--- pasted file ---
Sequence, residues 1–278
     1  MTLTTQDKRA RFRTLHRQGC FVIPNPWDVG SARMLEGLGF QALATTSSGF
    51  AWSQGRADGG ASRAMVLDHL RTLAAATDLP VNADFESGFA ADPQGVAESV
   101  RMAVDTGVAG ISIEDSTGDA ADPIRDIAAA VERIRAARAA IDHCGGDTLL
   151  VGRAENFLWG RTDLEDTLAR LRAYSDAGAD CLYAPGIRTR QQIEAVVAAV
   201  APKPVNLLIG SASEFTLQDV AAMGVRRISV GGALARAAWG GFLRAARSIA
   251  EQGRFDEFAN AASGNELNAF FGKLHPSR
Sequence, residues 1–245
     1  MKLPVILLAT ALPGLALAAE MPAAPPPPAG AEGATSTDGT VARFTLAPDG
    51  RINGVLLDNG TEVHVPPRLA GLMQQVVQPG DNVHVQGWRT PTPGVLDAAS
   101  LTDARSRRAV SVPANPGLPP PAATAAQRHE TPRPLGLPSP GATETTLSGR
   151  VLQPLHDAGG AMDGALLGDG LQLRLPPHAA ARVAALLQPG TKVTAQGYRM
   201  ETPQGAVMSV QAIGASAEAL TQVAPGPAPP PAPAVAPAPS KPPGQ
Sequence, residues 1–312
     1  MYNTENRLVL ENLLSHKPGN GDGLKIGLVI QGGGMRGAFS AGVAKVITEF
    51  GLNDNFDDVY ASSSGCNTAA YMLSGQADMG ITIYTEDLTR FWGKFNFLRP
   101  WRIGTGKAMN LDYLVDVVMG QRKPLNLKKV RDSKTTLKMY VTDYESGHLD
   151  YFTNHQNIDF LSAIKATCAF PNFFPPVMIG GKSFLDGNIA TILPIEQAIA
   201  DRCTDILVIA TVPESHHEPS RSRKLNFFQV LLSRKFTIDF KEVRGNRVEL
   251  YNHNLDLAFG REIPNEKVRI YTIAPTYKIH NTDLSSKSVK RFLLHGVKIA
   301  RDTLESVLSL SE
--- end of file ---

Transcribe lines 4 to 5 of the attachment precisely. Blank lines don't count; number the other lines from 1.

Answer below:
   101  RMAVDTGVAG ISIEDSTGDA ADPIRDIAAA VERIRAARAA IDHCGGDTLL
   151  VGRAENFLWG RTDLEDTLAR LRAYSDAGAD CLYAPGIRTR QQIEAVVAAV